Barbaroslar episode 30 English subtitles kayifamilytv

Barbaroslar episode 30 English subtitles kayifamilytv

Ottoman methods of rule


In its essence, the Ottoman state was a dynastic one, administered by and for the Ottoman family, in cooperation and competition with other groups and institutions. In common with polities elsewhere in the world, the central dynastic Ottoman state employed a variety of strategies to assure its own perpetuation.

It combined brutal coercion, the maintenance of justice, the co-option of potential dissidents, and constant negotiation with other sources of power. This chapter examines some of the obvious as well as the more subtle techniques of rule that it employed to domestically project its power over the centuries. Significantly, it explores the actual power of the central government in the provinces. It suggests that the older narratives stressing an extensive amount of administrative centralization are overstated.

The Ottoman dynasty: principles of succession

At the heart of Ottoman success lay the ability of the royal family to hold onto the summit of power for over six centuries, through numerous permutations and fundamental transformations of the state structure. Therefore, we first turn to modes of dynastic succession and how the Ottoman dynasty created, maintained, and enhanced its own legitimacy.

Globally, royal families have used principles of both female and male or exclusively male succession. In common with early modern and modern monarchical France (where the Salic law prevailed), but unlike the modern Russian and British states, the Ottoman family used the principle of male succession, considering only males as potential heirs to the throne.

Many dynasties employed a second principle of succession, primogeniture, by the eldest son of the ruler. The Ottoman dynasty departed sharply from the usual inheritance practices for almost all of its history. From the fourteenth through the late sixteenth centuries, the dynasty employed a brutal but effective method of hereditary succession – survival Methods of rule of the fittest, not eldest, son.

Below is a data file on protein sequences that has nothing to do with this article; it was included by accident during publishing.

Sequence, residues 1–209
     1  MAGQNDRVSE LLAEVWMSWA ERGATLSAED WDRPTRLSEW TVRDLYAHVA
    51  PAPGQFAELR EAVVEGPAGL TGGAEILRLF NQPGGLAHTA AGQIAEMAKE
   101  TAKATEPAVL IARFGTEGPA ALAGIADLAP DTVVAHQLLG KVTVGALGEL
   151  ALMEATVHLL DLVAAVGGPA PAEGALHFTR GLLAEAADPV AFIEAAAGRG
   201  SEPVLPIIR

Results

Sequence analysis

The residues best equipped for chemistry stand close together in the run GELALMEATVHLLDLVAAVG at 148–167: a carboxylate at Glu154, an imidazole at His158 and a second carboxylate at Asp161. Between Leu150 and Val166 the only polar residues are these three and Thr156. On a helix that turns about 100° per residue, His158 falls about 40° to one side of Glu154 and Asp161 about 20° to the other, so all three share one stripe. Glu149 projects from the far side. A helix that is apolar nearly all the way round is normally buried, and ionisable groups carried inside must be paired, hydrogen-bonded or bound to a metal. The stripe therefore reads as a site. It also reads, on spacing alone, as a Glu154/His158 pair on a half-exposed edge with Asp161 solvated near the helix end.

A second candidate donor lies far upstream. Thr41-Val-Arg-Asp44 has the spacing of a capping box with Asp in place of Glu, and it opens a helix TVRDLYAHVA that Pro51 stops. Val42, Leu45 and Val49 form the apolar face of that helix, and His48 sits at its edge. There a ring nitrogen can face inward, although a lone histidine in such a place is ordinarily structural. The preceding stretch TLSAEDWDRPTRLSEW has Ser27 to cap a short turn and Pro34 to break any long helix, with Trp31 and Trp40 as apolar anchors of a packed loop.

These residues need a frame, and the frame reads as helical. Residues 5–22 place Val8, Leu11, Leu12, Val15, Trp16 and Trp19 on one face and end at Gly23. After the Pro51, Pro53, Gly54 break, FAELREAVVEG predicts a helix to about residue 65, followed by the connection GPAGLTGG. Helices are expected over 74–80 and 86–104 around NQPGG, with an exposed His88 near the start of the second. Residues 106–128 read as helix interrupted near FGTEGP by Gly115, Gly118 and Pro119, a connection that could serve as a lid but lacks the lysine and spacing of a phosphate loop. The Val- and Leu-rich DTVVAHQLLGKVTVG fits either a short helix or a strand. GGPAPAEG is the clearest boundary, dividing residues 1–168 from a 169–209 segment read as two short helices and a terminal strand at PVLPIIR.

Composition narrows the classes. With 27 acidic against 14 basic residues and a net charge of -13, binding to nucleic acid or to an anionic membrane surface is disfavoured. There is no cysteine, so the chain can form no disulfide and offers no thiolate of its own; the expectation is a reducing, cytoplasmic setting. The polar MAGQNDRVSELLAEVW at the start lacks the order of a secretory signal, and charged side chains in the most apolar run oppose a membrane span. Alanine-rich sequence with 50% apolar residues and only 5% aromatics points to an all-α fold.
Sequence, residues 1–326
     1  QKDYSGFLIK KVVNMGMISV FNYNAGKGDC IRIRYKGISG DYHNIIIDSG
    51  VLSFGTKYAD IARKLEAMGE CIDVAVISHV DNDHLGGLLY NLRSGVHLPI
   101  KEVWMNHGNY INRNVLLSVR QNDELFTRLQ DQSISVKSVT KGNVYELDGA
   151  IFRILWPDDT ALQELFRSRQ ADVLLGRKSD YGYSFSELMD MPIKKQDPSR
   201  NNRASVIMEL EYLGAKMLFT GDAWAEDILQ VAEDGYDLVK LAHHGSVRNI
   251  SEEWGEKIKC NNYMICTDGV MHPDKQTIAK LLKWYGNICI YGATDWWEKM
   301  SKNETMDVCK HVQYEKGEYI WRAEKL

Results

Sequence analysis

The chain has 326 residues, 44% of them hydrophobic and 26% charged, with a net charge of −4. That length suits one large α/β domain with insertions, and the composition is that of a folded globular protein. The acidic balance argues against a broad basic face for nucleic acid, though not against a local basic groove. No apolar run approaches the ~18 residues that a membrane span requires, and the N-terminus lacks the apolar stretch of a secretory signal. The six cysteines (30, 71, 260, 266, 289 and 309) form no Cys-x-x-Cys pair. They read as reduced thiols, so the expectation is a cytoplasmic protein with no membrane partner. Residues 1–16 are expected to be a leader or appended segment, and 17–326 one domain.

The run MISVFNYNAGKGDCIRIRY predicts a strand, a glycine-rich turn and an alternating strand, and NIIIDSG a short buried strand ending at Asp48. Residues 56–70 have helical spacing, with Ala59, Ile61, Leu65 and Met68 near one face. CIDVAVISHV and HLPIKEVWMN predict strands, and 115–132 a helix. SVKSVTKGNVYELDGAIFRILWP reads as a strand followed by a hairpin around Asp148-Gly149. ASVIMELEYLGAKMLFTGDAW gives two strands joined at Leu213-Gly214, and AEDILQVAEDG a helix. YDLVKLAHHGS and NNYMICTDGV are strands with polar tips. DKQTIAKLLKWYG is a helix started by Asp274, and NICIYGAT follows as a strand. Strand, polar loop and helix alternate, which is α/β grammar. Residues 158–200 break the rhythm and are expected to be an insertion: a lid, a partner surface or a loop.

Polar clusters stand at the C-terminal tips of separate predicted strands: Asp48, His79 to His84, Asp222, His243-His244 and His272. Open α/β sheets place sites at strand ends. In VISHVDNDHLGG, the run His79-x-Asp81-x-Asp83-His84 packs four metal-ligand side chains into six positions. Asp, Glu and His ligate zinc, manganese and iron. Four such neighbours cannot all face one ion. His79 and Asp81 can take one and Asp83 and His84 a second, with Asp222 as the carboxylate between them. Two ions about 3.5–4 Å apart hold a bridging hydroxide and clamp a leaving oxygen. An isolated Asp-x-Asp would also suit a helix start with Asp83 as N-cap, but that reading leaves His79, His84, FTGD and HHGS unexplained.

From an early date, following central Asian tradition, reigning sultans sent their sons to the provinces in order to gain administrative experience. There, as governors, they were accompanied by their retinues and tutors. (Until 1537, various Ottoman princes also served as military commanders.

In this system, all sons possessed a theoretically equal claim to the throne. When the sultan died, a period between his death and the accession of the new monarch usually followed, when the sons jockeyed and maneuvered. Scrambling for power, the first son to reach the capital and win recognition by the court and the imperial troops became the new ruler.

This was not a very pretty method; nonetheless it did promote the accession of experienced, well-connected, and capable individuals to the throne, persons who had been able to win support from the power brokers of the system. This method of succession changed abruptly when Sultan Selim II (1566–1574) sent out only his eldest son (the future Murat III, 1574– 1595) to a provincial administrative post, Manisa in western Anatolia.

Murat III in turn sent out only his eldest son (the future Mehmet III, 1595–1603), again as governor of Manisa. Mehmet III in fact was the last sultan who actually administered as a governor (for another fifty years, eldest sons were named as governors of Manisa but never served). Thus, during those reigns, the Ottomans de facto conformed to the practice of primogeniture.

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